Stephen Dixon, a prolific powerhouse of an author and retired professor in The Writing Seminars at Johns Hopkins University, died Wednesday of pneumonia and complications from Parkinson's disease at Gilchrist hospice center in Towson. He was 83.
Known for developing very human characters while experimenting—sometimes wildly—with various forms of storytelling, Dixon wrote 17 novels and more than 500 short stories, several of which were adapted into film. He built his body of work by completing at least one finished page per day on his Hermes Standard typewriter. His stories blend truth and fiction, multiple versions of one event, and one time period with another, all glued together with humor, tragedy, sex, anger, cruelty, and dishonesty, often in exceptionally long sentences and paragraphs. Absorbing his work is an art in itself; in 2007, he told The Baltimore Sun, "I teach my readers how to read my work while they're reading it."
A popular teacher, he was generous with his time and his feedback, influencing during his 26 years as a member of the Johns Hopkins faculty countless successful writers, including Jean McGarry, Michael Kun, and Ben McGrath. His critiques were thoughtful and extensive, rooted in his belief that every piece had groundbreaking potential.
"He was my absolute favorite writer who became my greatest mentor," says Porochista Khakpour, MA '03, herself now a celebrated writer and teacher. "I learned more from him than any writer I've ever met. He continues to be the single greatest influence on my work, and I have his voice in my head with everything I write."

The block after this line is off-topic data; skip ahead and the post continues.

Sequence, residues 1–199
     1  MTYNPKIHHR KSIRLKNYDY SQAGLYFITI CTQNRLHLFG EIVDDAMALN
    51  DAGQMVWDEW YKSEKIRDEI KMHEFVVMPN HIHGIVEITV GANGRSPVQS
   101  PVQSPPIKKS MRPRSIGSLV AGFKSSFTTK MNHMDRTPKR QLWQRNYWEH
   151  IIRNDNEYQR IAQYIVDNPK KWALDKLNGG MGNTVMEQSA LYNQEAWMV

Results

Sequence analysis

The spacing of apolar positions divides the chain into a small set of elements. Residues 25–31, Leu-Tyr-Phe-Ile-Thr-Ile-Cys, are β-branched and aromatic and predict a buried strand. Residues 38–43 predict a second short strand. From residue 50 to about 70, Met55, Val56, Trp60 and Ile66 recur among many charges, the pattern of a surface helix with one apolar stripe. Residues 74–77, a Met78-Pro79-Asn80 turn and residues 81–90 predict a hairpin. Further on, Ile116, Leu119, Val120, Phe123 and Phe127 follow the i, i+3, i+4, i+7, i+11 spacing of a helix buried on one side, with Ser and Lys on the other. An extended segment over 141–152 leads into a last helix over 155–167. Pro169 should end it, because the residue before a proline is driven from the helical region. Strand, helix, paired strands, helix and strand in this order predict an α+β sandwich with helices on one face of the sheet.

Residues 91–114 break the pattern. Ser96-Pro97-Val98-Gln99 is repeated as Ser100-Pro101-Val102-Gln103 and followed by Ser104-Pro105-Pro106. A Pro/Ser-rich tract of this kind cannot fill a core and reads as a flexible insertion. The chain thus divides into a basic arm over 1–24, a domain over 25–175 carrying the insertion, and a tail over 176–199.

Dixon was the winner of four O. Henry awards for fiction, two fellowships from the National Endowment for the Arts, two Pushcart Prizes, the American Academy Institute of Arts and Letters Prize for Fiction, and a Guggenheim fellowship. He was twice a National Book Award finalist, in 1991 and 2001, and was also a finalist for the PEN/Faulkner Award for Fiction in 1992 for his novel Frog.
"It's hard to believe such a force of nature as Steve Dixon could be gone. His love of writing was only exceeded by his love of his family: his late wife, Anne Frydman, and daughters, Sophia and Antonia," says McGarry, professor in The Writing Seminars. "He was a pillar of the fiction program in The Writing Seminars. Widely read, he was a fierce critic, admiring mostly stylistic originals like Samuel Beckett and Thomas Bernhard. And yet, he was generous and encouraging to young writers, and seemed to believe that he could teach anyone to write well.
"Absent of even a glimmer of vanity, Steve, according to his wife, had two outfits: in summer, shorts and a t-shirt; in winter, sweat pants and sweatshirt. Getting to his desk, and his typewriter, was the objective of every single day.
"I will miss him. He was a true original as a writer, a husband, a father, a friend, a man."
Khakpour said she came to Hopkins because of Dixon, in appreciation of his New York hyperrealism and his Modernism.
"He permanently alters how you approach storytelling; you realize it's first and foremost about syntax and diction," she says. "To me, he was such a true artist. It reminds me to think about art first and to have integrity as writer; he never made the big bucks. His writing was extremely personal: We were all there, his students and his late wife. He didn't distinguish between life and art. You just don't get those writers anymore. It's the end of era for me with his passing.
"He was a ferocious lion of a man in every meaning of that word. A giant, but so tender and soft. He was incredibly contrarian, irascible, and difficult in a beautiful way you had to honor. And he was always right; it was infuriating."